Delighted child

Serendipity (ser-uh n-dip’-i-tee)

Noun *an aptitude for making delightful discoveries by accident.

The word Serendipity trips and tickles off the tongue, conjuring up images of butterflies and other delightful discoveries that present themselves to me without my having to hunt for them. These discoveries produce joyful moments, when a laugh bubbles up in my throat and bursts out spontaneously, and I find myself yearning for more of these delightful moments.

It was back in 1754 that Horace Walpole first used the word Serendipity, referencing the fairy tale The Three Princes of Serendip*. In the words of Walpole, “as their highnesses travelled, they were always making discoveries, by accident and sagacity, of things which they were not in quest of.”

Through the years, the meaning of the word evolved. The word sagacity, meaning mental discernment, became less important, and the discoveries became fortunate, happy, or desirable. I like to use the word delightful, which implies elements of joy and surprise.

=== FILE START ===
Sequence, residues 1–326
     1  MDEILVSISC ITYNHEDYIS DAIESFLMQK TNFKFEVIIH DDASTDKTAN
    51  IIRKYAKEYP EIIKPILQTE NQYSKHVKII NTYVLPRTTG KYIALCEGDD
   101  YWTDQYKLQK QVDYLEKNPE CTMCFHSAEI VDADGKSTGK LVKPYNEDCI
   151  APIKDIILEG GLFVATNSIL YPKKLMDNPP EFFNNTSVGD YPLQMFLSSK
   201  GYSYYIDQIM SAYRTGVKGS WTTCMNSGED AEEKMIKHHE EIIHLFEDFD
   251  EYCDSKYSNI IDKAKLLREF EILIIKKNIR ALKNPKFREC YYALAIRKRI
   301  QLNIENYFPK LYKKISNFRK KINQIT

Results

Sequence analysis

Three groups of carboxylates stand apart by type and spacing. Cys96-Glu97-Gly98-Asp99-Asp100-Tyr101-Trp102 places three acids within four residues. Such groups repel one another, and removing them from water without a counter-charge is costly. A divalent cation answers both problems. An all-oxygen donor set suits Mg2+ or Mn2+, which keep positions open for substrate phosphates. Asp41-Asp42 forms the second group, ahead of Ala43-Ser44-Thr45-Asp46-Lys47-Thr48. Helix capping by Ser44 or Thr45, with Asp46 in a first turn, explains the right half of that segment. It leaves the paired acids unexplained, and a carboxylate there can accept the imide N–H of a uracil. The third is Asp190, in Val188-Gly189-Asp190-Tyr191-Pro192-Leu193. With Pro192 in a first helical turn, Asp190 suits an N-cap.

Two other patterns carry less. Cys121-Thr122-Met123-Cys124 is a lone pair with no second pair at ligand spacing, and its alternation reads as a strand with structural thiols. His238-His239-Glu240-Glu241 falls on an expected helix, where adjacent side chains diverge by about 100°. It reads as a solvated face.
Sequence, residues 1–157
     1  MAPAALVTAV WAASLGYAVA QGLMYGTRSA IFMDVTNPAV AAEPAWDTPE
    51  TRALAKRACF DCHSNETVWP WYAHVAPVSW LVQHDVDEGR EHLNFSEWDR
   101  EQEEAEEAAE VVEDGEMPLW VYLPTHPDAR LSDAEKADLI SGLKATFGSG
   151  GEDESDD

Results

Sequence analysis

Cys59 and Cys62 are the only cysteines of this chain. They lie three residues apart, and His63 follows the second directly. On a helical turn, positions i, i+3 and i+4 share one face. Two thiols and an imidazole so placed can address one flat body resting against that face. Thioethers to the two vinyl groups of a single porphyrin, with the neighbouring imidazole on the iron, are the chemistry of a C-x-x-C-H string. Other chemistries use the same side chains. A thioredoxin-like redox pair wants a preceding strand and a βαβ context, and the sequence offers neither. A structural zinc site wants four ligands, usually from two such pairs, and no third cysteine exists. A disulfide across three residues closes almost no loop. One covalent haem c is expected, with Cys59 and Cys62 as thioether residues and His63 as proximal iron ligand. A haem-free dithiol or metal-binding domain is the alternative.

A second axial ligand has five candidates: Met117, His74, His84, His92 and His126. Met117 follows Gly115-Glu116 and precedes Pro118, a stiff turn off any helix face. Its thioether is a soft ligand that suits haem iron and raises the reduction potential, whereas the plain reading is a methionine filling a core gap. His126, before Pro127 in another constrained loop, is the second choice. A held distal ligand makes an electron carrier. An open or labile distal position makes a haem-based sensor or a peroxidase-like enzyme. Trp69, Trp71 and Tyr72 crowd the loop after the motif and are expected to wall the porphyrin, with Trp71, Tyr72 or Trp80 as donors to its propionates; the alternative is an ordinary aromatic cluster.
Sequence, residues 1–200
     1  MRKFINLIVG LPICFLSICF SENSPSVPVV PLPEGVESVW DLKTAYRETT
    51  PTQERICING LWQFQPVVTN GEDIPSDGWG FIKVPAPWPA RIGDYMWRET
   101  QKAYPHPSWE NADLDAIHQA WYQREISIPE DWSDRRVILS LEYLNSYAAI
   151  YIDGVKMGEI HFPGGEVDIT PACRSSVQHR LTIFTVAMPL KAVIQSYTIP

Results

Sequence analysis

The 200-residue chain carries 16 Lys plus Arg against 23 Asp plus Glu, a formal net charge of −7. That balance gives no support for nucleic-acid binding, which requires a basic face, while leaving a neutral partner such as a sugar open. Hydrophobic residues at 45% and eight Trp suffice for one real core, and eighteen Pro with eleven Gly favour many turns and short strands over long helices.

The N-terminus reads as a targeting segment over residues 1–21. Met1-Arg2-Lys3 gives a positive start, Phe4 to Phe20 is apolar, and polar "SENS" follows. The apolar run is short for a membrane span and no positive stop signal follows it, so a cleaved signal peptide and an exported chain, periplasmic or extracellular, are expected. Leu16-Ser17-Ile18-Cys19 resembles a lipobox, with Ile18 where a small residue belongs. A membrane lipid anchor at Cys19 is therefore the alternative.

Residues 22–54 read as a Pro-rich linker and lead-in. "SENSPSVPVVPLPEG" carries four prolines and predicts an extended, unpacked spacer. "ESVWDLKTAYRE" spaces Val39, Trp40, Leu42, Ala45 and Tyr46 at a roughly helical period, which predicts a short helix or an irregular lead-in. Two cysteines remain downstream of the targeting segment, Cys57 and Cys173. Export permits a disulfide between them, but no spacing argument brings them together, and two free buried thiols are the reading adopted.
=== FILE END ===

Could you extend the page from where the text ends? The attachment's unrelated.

I find that these fortunate incidents can go unnoticed if I am not open to experiencing them, day by day, moment by moment. How often do we become so focused on the result that we miss the journey? Let’s change that! Like the royal travelers from Serendip, let’s look for those delightful discoveries as we travel, and when they come to us by accident, let’s notice them on purpose!

*Serendip was the name by which the ancient Persians and Arabs referred to Sri Lanka, an island off the southern coast of India.

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